10. Reinikka, Ritva & Svensson, Jakob, 2001. "Explaining Leakage of Public Funds," Working Paper Series UNU-WIDER Research Paper , World Institute for Development Economic Research (UNU-WIDER).
  11. Das, Jishnu, 2004. "Equity in educational expenditures : can government subsidies help?," Policy Research Working Paper Series 3249, The World Bank.
  12. Glewwe, Paul & Kremer, Michael, 2006. "Schools, Teachers, and Education Outcomes in Developing Countries," Handbook of the Economics of Education, Elsevier.
  13. François Bourguignon & Maurizio Bussolo & Luiz A. Pereira da Silva, 2008. "The Impact of Macroeconomic Policies on Poverty and Income Distribution : Macro-Micro Evaluation Techniques and Tools," World Bank Publications, The World Bank, number 6586, October.
  14. Ritva Reinikka & Jakob Svensson, 2004. "Local Capture: Evidence From a Central Government Transfer Program in Uganda," The Quarterly Journal of Economics, MIT Press, vol. 119(2), pages 678-704, May.
  15. Raghabendra Chattopadhyay & Esther Duflo, 2004. "Women as policy makers: Evidence from a randomized policy experiment in india," Framed Field Experiments 00224, The Field Experiments Website.
  16. Jakob Svensson, 2005. "Eight Questions about Corruption," Journal of Economic Perspectives, American Economic Association, vol. 19(3), pages 19-42, Summer.
  17. Priyanka Pandey & Sangeeta Goyal & Venkatesh Sundararaman, 2009. "Community participation in public schools: impact of information campaigns in three Indian states," Education Economics, Taylor & Francis Journals, vol. 17(3), pages 355-375.
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Citations

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Cited by:
  1. Ferraz, Claudio & Finan, Frederico & Moreira, Diana B., 2012. "Corrupting learning," Journal of Public Economics, Elsevier, vol. 96(9-10), pages 712-726.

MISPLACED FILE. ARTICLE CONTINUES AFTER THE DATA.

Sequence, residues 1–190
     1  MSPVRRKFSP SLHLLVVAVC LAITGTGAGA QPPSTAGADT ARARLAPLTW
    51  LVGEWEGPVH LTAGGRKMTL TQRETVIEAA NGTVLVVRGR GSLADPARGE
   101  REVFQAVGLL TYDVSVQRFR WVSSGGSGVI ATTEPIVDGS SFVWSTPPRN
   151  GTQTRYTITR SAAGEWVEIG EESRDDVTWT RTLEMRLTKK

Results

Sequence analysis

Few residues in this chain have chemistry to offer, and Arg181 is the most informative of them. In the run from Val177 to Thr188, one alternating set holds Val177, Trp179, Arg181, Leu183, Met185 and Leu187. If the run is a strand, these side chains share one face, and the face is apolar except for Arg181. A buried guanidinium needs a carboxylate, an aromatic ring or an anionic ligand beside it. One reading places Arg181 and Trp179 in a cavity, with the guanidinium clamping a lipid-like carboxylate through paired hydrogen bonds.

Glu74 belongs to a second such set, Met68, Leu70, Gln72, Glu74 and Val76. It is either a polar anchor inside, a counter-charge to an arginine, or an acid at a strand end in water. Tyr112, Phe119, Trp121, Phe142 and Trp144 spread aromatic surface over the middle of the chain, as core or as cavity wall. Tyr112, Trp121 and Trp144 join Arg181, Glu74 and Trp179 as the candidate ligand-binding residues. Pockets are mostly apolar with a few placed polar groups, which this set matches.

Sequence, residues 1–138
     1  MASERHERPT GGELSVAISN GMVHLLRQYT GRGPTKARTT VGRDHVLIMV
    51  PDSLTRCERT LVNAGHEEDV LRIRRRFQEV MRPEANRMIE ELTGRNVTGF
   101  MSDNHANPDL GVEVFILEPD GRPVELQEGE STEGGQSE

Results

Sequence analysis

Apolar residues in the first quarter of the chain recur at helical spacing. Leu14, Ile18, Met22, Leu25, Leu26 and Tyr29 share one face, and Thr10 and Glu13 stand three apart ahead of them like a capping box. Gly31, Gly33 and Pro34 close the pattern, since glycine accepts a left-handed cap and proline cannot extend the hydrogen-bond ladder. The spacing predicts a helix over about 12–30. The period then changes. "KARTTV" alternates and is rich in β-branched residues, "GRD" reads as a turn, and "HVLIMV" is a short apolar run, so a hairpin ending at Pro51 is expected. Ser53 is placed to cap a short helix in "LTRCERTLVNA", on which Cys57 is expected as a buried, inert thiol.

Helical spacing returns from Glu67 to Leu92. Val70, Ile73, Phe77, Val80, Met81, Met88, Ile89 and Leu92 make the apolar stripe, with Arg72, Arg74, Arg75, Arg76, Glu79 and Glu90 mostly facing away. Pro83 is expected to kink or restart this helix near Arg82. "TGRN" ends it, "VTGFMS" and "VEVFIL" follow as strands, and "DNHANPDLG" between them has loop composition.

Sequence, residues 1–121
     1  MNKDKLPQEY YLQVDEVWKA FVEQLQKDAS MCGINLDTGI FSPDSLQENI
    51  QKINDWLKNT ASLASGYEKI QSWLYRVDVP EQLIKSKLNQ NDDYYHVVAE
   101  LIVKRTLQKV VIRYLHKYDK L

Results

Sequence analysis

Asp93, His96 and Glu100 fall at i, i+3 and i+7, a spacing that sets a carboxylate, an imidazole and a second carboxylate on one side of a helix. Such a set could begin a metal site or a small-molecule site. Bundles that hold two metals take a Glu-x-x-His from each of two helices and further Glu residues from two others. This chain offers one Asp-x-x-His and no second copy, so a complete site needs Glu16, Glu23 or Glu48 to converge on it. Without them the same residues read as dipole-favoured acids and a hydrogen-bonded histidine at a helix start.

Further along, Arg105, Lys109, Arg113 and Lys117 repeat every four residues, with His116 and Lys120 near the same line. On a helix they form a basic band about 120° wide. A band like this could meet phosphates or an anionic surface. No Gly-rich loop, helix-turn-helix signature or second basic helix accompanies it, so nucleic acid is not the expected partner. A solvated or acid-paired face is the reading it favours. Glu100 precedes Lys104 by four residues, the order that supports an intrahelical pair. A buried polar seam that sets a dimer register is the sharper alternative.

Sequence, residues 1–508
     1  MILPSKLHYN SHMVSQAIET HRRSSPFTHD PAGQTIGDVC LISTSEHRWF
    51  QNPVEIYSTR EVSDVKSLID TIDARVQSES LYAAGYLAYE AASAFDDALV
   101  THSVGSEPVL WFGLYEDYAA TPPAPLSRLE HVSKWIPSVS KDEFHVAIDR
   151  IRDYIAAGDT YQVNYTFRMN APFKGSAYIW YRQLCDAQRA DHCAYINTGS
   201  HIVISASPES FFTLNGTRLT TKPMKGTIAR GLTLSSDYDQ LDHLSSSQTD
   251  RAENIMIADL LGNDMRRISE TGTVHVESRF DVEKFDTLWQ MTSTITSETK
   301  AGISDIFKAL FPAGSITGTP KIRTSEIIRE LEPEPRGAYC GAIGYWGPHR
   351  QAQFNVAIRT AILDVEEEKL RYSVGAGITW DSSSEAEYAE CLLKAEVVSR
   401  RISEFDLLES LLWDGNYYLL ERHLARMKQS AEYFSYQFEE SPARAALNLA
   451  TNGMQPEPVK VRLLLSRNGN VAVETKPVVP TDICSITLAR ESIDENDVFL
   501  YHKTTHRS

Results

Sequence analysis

2. Sarah Baird & Craig McIntosh & Berk Özler, 2011. "The Regressive Demands of Demand-Driven Development," Working Papers 2011-21, The George Washington University, Institute for International Economic Policy.
  3. J. Atsu Amegashie, 2013. "Consumers' Complaints, the Nature of Corruption, and Social Welfare," CESifo Working Paper Series 4295, CESifo Group Munich.
  4. Suryadarma, Daniel & Yamauchi, Chikako, 2013. "Missing public funds and targeting performance: Evidence from an anti-poverty transfer program in Indonesia," Journal of Development Economics, Elsevier, vol. 103(C), pages 62-76.
  5. Dena Ringold & Alaka Holla & Margaret Koziol & Santhosh Srinivasan, 2012. "Citizens and Service Delivery : Assessing the Use of Social Accountability Approaches in the Human Development Sectors," World Bank Publications, The World Bank, number 2377, October.
  6. Tetsushi Sonobe, 2012. "An Inquiry into Corruption Norms: Survey Data of GRIPS Alumni," GRIPS Discussion Papers 12-15, National Graduate Institute for Policy Studies.
  7. Beekman, Gonne & Bulte, Erwin H. & Nillesen, Eleonora E.M., 2013. "Corruption and economic activity: Micro level evidence from rural Liberia," European Journal of Political Economy, Elsevier, vol. 30(C), pages 70-79.
  8. Holvoet, Nathalie & Inberg, Liesbeth & Sekirime, Susan, 2013. "Institutional analysis of monitoring and evaluation systems : comparing M&E systems in Ugandas health and education sector," IOB Working Papers 2013.03, Universiteit Antwerpen, Institute of Development Policy and Management (IOB).